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Keywords

outcome expectations, self-efficacy expectations, stage of change

 

Authors

  1. Resnick, Barbara
  2. Nigg, Claudio

Abstract

Background: Although there are many known benefits to exercise, only 10-30% of older adults report regular exercise. Understanding the factors that explain exercise behavior in older adults will help structure interventions that motivate these individuals to initiate and adhere to regular exercise.

 

Objective: The purpose of this study was to test the impact of components from two theoretical perspectives that explain exercise behavior, social cognitive theory, and the transtheoretical model.

 

Methods: This was a descriptive study using a sample of 179 older adults living independently in an East Coast continuing care retirement community (CCRC). A single one-time interview was completed and included: (a) stage of change for exercise, (b) self-efficacy and outcome expectations, (c) health status, (d) fear of falling, and (e) exercise activity. Model testing used structural equation modeling.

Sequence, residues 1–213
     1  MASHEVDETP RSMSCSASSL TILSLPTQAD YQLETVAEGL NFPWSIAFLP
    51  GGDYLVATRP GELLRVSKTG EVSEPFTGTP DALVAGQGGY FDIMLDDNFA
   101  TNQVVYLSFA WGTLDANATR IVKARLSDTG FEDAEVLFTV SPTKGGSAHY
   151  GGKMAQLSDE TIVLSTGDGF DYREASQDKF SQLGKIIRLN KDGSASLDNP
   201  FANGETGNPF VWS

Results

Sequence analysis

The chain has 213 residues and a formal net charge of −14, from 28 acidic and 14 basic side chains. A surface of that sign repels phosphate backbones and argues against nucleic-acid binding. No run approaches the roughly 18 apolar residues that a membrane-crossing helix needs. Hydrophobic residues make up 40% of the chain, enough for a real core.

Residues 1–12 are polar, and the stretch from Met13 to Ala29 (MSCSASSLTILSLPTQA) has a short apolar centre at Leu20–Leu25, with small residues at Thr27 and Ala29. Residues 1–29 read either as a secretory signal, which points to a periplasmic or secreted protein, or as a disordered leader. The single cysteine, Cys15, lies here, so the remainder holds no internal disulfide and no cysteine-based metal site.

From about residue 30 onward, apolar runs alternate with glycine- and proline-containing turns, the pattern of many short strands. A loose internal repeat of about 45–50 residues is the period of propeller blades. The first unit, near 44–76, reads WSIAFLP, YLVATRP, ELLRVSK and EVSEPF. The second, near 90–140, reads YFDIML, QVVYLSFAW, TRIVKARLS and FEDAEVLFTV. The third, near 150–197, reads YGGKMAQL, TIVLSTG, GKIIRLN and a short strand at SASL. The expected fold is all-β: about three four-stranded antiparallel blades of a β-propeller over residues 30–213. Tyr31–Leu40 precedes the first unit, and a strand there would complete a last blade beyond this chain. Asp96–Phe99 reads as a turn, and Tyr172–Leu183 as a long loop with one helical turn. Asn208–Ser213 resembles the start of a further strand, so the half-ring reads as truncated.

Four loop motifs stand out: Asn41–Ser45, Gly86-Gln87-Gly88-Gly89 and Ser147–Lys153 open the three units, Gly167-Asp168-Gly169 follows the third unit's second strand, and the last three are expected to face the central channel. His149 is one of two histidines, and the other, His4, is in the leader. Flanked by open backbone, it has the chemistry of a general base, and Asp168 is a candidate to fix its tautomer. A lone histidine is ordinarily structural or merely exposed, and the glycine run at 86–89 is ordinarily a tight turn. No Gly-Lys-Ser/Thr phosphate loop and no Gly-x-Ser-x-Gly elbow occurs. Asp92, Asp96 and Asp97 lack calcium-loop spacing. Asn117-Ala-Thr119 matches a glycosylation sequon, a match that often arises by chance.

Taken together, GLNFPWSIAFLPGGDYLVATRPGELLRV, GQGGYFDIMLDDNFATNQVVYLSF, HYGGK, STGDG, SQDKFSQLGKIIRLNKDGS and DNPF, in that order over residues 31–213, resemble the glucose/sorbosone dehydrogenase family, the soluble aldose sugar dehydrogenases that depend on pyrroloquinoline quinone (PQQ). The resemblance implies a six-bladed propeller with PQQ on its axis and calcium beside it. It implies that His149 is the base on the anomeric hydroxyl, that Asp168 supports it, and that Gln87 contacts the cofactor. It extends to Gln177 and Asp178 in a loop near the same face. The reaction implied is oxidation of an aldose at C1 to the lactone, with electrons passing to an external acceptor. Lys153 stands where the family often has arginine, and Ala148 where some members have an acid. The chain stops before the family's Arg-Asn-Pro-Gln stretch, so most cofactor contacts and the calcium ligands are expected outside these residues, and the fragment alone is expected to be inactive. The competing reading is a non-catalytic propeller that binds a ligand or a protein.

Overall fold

Results: Testing of the hypothesized model showed that 11 of the 22 paths were statistically significant. Health status and social support influenced self-efficacy and outcome expectations which directly influenced stage of change and exercise. Social support likewise directly influenced stage of change. Together the variables in the model explained 64% of exercise behavior in older adults. There was a poor fit of the hypothesized model to the data with a [chi]2 of 144.7, degrees of freedom (df) of 23 and a ratio of 6.3. The revised model fit the data better [chi]2 = 80.5, df = 19, p < .05, [chi]2/ df = 4.2) and there was improved fit when compared to the hypothesized model ([chi]2 difference of 64.0, df difference of 4, p <= l.

 

Discussion: The combined testing of the mediating components of the theory of self-efficacy as well as the incorporation of the stage of change to explain exercise behavior in older adults suggests that both of these approaches are useful. Stage of change may be particularly useful to help determine the most appropriate intervention to increase activity and exercise in older adults.